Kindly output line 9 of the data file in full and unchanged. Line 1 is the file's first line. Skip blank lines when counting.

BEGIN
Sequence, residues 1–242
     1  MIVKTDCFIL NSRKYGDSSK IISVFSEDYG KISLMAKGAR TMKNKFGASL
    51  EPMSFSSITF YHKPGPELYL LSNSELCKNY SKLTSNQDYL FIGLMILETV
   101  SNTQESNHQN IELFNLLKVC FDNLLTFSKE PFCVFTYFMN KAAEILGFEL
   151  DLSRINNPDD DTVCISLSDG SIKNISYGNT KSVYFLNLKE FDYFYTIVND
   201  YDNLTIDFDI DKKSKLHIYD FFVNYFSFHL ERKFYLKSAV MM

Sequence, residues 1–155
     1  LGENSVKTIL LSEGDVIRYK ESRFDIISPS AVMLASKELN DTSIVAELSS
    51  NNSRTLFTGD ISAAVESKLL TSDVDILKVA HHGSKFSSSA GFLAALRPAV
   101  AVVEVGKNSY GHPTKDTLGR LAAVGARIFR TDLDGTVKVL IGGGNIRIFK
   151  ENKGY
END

    51  NNSRTLFTGD ISAAVESKLL TSDVDILKVA HHGSKFSSSA GFLAALRPAV